His activity and responsibility saved Jason. Because no one else in the house washed his clothes, prepared meals and budgeted money, Jason learned to. He became a 30-year-old at the age of 9.

Jason did the right thing, not because he was selfless and loving, but to stay alive. The depression inevitably caught up with him.

Not that it’s unhealthy to be responsible. The reasons behind the responsibility are the problem. Jason has lived a lifetime of sacrifice. Fearful of falling apart inside, he stayed busy and active to ward off a breakdown. He was driven by fear and panic.

A truly responsible lifestyle is the product of being loved just as we are, with our imperfections, our wounds, our weaknesses. Then as we are loved in that state, we learn to give back and love. Jason had not been so loved, and so it was impossible for him to obey love.

Some people lead highly functional lives not so much to keep their depressions away, but to keep from being shamed by others. I knew a woman who kept her weight in check by being around critical people who would come down on her for gaining weight. When her critical friends moved away one year, this woman put on 70 pounds in several months. The shaming external control hadn’t solved the problem — it had postponed it. She finally lost the weight for the right reasons, but she first had to learn mercy and sacrifice: She had to receive mercy in order to sacrifice her longing for food.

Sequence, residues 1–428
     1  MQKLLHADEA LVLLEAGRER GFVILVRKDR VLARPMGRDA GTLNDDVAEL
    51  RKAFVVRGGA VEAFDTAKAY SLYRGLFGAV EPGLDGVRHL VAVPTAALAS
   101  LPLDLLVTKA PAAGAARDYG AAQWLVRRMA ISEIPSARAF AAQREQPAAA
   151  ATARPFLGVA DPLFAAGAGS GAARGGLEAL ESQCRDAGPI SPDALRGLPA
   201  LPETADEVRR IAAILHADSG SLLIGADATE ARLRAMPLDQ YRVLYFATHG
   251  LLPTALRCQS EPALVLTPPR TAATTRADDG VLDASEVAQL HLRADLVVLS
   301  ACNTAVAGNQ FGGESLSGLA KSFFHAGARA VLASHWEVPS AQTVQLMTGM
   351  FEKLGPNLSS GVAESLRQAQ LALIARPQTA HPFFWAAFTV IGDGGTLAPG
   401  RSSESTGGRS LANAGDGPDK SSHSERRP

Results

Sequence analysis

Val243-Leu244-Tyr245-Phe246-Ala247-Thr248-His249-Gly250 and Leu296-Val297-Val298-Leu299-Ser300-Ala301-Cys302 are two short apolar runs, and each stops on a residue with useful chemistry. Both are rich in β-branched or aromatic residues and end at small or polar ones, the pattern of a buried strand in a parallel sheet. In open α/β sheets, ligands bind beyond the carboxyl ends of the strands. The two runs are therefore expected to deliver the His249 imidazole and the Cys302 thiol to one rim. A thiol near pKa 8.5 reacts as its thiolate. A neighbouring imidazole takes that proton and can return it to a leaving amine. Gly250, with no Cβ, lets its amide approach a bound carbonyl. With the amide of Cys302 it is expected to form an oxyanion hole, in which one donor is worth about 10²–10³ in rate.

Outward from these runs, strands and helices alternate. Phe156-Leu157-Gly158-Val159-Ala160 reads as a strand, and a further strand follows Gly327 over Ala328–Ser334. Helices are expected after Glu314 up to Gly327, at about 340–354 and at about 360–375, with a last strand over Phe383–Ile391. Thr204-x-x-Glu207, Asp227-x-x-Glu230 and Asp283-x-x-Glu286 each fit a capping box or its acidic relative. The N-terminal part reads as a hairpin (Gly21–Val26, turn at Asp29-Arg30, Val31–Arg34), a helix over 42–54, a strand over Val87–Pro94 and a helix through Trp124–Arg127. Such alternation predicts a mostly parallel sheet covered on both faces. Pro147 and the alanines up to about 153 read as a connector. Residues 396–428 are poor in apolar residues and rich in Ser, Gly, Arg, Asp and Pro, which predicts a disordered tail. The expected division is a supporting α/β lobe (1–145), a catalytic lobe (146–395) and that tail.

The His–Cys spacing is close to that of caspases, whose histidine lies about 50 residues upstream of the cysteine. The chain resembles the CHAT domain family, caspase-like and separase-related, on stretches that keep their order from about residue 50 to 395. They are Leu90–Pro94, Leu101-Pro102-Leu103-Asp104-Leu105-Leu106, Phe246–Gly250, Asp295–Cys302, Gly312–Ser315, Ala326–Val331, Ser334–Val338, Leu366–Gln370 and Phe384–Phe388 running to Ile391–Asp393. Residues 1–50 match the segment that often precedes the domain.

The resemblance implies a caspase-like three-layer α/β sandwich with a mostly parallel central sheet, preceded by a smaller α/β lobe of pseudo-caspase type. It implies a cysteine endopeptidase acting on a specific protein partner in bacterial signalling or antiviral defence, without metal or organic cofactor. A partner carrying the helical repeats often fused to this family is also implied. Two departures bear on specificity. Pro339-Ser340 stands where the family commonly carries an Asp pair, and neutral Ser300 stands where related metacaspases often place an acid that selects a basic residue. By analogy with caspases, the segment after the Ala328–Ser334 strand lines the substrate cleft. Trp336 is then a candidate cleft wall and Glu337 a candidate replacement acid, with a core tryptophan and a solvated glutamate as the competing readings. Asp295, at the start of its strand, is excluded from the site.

When we do the right thing reluctantly or under compulsion, not freely, we live in fear. It may be fear of loss, of falling apart, of guilt, or of others’ disapproval. But no one can grow or flourish in a fear-based atmosphere. Love has no place there, for perfect love drives out fear.

6 Tips to Reduce Stress for the Working Mom

SOURCE:  Lisa Lakey/FamilyLife Ministry

When my youngest started preschool, I took my first job outside the home in nearly 10 years. I was frazzled, guilt-ridden, and late everywhere I went.

I was in the school drop-off line one morning when the license plate of the car in front of me caught my eye. “L8AGAIN” it read. My first thought was, That should be mine. Those seven characters summed up most of my days as a working mom.

When my youngest started preschool, I took my first job outside the home in nearly 10 years. I was frazzled, guilt-ridden, and late everywhere I went. (Okay, maybe I’m still working on all three of those.) After spotting a shirt in a local boutique with the phrase “World’s Okayest Mom” emblazoned on the front, I joked with my kids and husband that that was me. The best mom ever at just getting by.

But behind the laughter of the moment, there was something else. Fear, doubt, and a hefty dose of self-pity overwhelmed me. I didn’t really want to be an “okay” mom. I wanted to be the absolute best mom. You know her. The mom who has it all together—perfect hair, perfect smile, perfect kids. She probably only feeds her family made-from-scratch, organic, non-GMO meals. She would hate to know how often I drive through Chick-fil-A. I can’t even remember what GMO stands for right now.

To be honest, I just want my kids to get the best of me, although that isn’t always what happens. But I have learned that trying to be the perfect mom will always backfire. I might not always be the best mom, but I am always the mom my kids need—me.

Thanks to some loving reminders from other working moms, I have picked up a few helpful tips along the way:

1. Plan, plan, plan.

I am a terribly late person. Punctuality is not my strong point. So naturally, one of my greatest struggles as a working mom is getting myself and everyone else where they need to be on time.